You can’t put a price on creativity, or on spirit, or on musical chemistry. But if you’re Oasis founder Noel Gallagher, you can apparently put a price on reuniting for a tour, and the bidding starts around a quarter of a billion pounds.
“I’m sure there are countless, thousands of people who would love it. But there’s one that wouldn’t: me," the guitarist told Chris Moyles. “One should never say never, though, when someone’s waving a check for a quarter of a billion.”
In an interview with the Daily Star, the Oasis guitarist confirmed that he was not interested in playing a headlining show at the iconic British music festival Glastonbury in 2016, not because of any misalignment with the festival or artistic difference, but because the festival’s organizers wouldn’t be able to pay him enough.
“Would we ever do it? They don’t have enough money,” Gallagher said. “That’s the bottom line.
“I know what they pay and it’s not enough.”
While that might sound like a lot of money, it's closer to the going rate for an extraordinarily popular live act. Touring can be dangerous and expensive for artists at the start of their careers, live shows are a lucrative proposition for the world's most popular musicians. This past year, the British boy band One Direction raked in $290 million when it embarked on the highest-grossing tour of 2014, and a number of legacy artists did just fine on the road as well: Paul McCartney's Out There Tour, ostensibly meant to support his album "New," hauled in $107 million.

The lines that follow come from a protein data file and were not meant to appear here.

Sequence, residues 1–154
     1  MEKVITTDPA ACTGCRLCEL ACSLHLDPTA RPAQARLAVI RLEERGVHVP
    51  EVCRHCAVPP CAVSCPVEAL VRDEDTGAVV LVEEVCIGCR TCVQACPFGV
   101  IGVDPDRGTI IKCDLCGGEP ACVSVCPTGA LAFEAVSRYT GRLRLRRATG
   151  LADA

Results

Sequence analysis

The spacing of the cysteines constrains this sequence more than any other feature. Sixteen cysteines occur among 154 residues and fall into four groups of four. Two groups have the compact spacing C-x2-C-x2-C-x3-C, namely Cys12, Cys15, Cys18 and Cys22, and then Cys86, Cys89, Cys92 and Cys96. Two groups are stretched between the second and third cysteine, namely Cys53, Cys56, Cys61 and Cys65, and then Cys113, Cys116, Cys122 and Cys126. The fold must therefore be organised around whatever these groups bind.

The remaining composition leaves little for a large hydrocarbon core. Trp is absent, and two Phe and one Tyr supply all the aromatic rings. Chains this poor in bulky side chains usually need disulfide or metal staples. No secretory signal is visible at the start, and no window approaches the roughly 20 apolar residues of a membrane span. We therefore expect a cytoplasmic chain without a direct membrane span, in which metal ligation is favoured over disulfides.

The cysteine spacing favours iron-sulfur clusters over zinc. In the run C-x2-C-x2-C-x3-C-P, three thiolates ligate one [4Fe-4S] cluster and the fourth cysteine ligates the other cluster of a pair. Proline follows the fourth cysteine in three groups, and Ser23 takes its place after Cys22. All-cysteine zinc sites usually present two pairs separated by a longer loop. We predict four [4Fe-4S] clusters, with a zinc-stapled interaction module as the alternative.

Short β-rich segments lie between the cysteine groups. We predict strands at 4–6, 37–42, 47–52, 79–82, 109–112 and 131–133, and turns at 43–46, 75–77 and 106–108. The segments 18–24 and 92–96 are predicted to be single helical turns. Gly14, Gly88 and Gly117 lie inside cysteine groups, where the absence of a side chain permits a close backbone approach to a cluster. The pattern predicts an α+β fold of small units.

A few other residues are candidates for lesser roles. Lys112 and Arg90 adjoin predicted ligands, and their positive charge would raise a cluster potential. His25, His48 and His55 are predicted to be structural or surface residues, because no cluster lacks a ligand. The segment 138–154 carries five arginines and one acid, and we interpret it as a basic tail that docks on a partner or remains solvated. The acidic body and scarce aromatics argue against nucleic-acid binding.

While the Oasis figure would top those totals, that extra money may be meant to make up for the unpleasantness of touring with people you don't get along with. Gallagher and his brother, Liam Gallagher, who acted as the band's lead singer, have had a notoriously combative relationship that has not improved with age. In 2009, right before what wound up being the band's final show at Wembley Stadium, Liam smashed his brother's guitar minutes before the band was scheduled to go on stage. Noel quit the band that night, and the pair have not gotten on well since.
Since starting in Manchester back in the 1990s, Oasis has sold an estimated 77 million albums around the world. Their third album, “What’s the Story (Morning Glory),” remains the fifth-highest-selling album of all time in the UK, behind Adele’s “21,” the Beatles’ “Sgt. Pepper’s Lonely Hearts Club Band,” and a pair of greatest hits albums by Queen and ABBA.